And the Hulie goes to....
28 Days Later!
Seems the fans and panelists were on the same wavelength here, as both chose this seminal work as the Best Horror Film on Hulu, over such worthies as John Carpenter's The Thing.
And it is a seminal work; what Romero and Russo did in inventing the modern zombie picture in the original Night of the Living Dead (see Best Classic Movie) writer Alex Garland and Academy Award-winning director Danny Boyle did with this film, which reinvented that sub-genre for the postmodern era. Gone were the slow-moving reanimated dead whose sole purpose was to feed on the living, replaced by relentless sprinters with a biological imperative to do nothing more than spread the disease which made them the blood-thirsty automatons they've become.
The story is simple: Animal rights activists in England break into a laboratory and free a monkey infected with a new disease called Rage, which sweeps the nation and wipes out virtually the entire population in weeks. Jim (Cillian Murphy) wakes from a bicycle accident after 28 days to find a nearly empty London. He then hooks up with other survivors Selena, Frank and Hannah (Naomie Harris, Brendan Gleeson, and Megan Burns, respectively). They then end up in a military facility run by Major West (Christopher Eccleston), where Jim makes a wonderful, and somewhat devastating discovery.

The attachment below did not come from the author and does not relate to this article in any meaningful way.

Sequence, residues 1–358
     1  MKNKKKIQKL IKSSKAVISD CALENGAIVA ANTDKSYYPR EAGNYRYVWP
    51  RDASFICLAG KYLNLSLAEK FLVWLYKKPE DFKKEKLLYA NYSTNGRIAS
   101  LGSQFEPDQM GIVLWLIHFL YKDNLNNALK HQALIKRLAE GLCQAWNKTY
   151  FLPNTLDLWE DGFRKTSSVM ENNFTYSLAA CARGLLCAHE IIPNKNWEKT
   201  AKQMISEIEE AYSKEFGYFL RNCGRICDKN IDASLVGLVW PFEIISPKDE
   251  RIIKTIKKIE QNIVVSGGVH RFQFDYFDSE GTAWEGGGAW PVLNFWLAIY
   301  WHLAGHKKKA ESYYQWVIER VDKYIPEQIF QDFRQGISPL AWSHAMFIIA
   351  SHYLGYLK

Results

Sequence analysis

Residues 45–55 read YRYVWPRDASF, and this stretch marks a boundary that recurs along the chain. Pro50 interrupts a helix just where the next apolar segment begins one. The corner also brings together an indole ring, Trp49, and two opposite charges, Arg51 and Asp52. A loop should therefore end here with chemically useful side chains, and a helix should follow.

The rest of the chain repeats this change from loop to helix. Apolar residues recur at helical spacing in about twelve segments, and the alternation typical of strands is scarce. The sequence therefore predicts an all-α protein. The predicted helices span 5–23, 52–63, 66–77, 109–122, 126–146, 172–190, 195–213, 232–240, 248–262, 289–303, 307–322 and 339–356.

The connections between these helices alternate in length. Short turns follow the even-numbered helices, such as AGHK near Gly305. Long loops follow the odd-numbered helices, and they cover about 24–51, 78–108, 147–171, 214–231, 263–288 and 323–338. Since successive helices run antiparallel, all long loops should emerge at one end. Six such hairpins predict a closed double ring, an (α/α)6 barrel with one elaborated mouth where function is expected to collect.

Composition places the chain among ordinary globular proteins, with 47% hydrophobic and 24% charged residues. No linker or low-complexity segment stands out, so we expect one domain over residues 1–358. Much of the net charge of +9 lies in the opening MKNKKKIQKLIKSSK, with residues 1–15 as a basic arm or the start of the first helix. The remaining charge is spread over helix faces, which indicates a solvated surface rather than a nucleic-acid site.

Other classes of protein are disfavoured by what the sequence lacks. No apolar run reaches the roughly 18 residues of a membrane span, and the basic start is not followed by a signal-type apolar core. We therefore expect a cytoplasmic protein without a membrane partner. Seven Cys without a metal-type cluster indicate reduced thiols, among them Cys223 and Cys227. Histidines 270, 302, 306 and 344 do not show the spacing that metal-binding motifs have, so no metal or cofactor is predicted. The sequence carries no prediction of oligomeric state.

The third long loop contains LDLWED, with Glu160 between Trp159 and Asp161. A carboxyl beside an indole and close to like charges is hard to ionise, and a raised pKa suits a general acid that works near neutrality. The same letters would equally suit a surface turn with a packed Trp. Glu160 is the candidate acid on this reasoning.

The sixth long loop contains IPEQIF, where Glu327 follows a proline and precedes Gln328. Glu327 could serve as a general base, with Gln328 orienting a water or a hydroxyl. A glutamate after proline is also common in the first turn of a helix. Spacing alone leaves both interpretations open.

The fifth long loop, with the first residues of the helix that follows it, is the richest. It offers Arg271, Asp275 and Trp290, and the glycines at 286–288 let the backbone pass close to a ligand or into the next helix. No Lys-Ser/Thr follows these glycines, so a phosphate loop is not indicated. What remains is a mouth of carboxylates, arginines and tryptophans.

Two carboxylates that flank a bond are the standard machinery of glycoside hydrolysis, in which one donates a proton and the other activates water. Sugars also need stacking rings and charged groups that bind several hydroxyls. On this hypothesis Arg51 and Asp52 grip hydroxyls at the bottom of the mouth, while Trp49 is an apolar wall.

The isolation-- the desolation-- that Jim must feel upon waking to find that everything he's ever known is gone is captured very well by this film. We as an audience are drawn into his personal hell as every step, every corner he turns leads him further into this Twilight Zone-esque scenario. We feel his fear as he wonders, "Where is everyone?" And then we feel his abject horror as he wonders, "Where are my parents?", especially as more and more of the reality of the situation is revealed. Then, whereas Jim is our Everyman, we are given a tour of how others would deal with this situation: Selena is the survivor who will do anything to protect herself, Frank and Hannah are the people who hide away hoping the situation will work itself out, and Major West is the military man who holds his team of young men together by any means necessary. While none of these people are completely us, we see pieces of ourselves in each of them.
This is a marvelous film that, in the tradition of the best in sf (speculative fiction), uses an extreme situation to tell us something about ourselves and about the world around us.
After 20,000 audience votes, the Audience Choice was also "28 Days Later," with a hefty 51% of the vote.
The other nominees were "John Carpenter's The Thing," "Naked Lunch," "When a Stranger Calls," and "Christine."